Saturday, May 10, 2003

Excellent as "Stalin's Last Crime" is, it lacks extended discussion of the prostituted writers and intellectuals who served the Stalinist regime in the West, including the recently deceased Herbert Aptheker, loudly mourned as a scholar of African-American history by the New York Times. These wretches flocked to acclaim the "justice" of the doctors' arrests in the New York Daily Worker and other journals of the time. In a particularly nauseating example, the Daily Worker for several weeks advertised a New York Communist youth forum on "The Arrests in Moscow" (admission price 35 cents), with keynote speaker A.B. Magil, horribly nicknamed "the Rabbi," whose father had edited a standard Jewish prayer book.

What Brent and Naumov do give in "Stalin's Last Crime," however, is an unforgettable picture of the man himself and the terror that surrounded him. How could it not have aimed, even at the end of his life, at yet another attempt to destroy more Jews? Stalin's longtime associate in revolutionary conspiracies and in power, Vyacheslav M. Molotov, was once asked whether Stalin ever appeared in his dreams, and he answered, "Sometimes. In extraordinary situations. . . . In a destroyed city. . . . I can't find a way out, and I meet him."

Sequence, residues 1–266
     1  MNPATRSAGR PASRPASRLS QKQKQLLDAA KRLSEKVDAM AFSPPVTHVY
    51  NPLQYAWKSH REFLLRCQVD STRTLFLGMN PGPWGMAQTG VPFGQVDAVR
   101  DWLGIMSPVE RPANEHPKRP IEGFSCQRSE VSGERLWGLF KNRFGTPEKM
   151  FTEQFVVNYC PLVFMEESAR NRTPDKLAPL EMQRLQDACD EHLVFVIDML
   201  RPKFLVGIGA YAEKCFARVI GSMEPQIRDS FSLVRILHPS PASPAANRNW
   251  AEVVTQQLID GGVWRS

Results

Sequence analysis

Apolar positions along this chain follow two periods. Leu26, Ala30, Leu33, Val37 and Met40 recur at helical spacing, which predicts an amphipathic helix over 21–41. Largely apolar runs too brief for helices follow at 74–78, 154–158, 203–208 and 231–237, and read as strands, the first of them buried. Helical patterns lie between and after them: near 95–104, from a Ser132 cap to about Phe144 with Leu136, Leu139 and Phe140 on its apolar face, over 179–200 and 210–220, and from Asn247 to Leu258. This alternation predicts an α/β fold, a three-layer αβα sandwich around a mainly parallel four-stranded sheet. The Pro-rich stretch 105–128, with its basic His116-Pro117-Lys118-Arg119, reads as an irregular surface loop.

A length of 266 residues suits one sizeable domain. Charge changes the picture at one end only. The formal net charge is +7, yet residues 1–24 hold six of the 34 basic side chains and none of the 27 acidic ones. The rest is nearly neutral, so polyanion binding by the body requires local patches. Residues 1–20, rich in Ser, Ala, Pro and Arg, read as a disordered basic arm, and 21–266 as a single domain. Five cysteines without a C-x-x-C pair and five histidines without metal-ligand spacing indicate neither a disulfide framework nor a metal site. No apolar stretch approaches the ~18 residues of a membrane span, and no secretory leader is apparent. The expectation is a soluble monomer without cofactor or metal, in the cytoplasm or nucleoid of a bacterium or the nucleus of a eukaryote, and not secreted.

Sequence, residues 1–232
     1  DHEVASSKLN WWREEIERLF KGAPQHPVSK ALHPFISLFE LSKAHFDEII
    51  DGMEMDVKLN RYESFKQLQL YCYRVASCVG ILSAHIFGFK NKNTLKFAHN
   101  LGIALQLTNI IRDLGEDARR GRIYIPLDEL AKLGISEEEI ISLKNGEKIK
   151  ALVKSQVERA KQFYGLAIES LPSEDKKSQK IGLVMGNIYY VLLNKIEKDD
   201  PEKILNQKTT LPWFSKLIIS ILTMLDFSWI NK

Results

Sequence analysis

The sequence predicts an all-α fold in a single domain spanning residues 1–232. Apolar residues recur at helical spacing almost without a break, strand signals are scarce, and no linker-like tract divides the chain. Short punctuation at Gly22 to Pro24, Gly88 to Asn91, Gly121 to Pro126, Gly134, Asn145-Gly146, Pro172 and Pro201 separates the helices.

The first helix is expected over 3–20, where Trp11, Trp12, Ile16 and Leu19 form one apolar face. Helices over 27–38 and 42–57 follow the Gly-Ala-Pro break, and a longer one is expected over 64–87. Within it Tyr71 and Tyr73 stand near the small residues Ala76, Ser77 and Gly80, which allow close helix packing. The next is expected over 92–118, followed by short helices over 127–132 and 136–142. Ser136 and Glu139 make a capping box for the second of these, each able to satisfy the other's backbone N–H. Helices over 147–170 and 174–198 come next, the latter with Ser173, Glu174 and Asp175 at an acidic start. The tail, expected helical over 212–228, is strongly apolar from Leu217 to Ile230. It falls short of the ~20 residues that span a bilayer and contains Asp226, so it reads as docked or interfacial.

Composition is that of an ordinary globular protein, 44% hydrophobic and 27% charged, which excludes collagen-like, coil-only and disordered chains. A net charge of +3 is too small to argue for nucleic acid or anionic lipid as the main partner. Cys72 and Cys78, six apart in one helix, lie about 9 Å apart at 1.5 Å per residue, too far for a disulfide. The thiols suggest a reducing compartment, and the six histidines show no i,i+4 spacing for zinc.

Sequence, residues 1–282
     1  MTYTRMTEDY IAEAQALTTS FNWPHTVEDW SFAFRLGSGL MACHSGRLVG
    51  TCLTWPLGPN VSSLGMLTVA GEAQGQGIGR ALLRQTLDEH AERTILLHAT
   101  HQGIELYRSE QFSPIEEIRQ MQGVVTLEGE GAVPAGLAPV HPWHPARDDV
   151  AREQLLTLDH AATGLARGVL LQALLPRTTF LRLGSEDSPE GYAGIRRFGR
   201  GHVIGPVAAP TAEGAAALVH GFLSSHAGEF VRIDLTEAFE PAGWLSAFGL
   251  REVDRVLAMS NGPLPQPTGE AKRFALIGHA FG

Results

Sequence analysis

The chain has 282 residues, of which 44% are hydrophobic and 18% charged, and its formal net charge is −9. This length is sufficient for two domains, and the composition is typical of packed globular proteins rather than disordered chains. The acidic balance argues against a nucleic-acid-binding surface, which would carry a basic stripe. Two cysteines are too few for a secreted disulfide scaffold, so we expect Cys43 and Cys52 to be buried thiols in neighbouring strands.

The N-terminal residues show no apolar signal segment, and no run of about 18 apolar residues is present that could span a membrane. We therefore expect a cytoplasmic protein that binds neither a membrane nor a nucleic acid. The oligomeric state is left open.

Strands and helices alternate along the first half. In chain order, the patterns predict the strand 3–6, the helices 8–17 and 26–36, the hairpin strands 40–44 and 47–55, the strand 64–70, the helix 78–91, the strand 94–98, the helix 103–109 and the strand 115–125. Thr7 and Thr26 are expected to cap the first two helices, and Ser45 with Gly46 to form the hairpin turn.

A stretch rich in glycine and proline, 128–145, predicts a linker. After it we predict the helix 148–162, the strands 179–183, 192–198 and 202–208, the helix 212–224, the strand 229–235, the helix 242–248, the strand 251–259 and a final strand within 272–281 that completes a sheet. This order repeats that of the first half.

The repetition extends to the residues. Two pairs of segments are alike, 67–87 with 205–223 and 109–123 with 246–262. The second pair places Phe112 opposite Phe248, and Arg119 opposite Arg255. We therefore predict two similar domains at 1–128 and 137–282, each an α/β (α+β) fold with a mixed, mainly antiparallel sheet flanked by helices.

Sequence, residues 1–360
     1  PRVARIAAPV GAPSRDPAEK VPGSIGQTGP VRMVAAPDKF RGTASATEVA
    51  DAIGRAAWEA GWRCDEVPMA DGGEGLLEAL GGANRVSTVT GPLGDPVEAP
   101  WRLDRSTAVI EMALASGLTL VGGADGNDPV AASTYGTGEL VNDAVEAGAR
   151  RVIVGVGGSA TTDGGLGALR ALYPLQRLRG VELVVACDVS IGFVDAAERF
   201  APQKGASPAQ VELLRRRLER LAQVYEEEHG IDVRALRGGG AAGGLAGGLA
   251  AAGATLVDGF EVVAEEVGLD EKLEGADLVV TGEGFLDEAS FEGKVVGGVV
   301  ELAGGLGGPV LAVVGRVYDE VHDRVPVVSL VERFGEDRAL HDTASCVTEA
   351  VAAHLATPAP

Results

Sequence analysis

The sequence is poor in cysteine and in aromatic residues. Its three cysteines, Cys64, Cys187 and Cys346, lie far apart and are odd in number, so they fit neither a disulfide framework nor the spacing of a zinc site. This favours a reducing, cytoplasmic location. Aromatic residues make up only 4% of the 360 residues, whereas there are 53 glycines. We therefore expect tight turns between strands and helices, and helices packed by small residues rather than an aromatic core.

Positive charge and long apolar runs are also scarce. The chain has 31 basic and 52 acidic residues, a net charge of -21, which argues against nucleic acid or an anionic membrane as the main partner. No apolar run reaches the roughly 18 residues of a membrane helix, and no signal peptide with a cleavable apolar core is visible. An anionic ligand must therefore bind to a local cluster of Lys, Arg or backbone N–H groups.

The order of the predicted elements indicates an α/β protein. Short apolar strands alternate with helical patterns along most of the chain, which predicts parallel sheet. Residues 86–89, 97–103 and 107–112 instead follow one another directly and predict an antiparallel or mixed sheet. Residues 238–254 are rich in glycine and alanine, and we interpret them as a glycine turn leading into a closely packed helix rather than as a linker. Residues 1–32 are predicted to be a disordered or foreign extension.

Wow. On the last, desperate attempt by Stalin to surpass Hitler. Read it all, and wonder why they don't mention this in discussions of the morality of the Cold War.
" a destroyed city...I can't find a way out, and I meet him." My God. Stalin as the minotaur at the center of the maze, the terror lurking in the shadows of an annihilated metropolis...I'm not sure I've ever read a more haunting evocation of the horrors of tyranny. Never let the obfuscations of intellectuals distract you from what communism really is - the monster at the heart of an apocalyptic dream.


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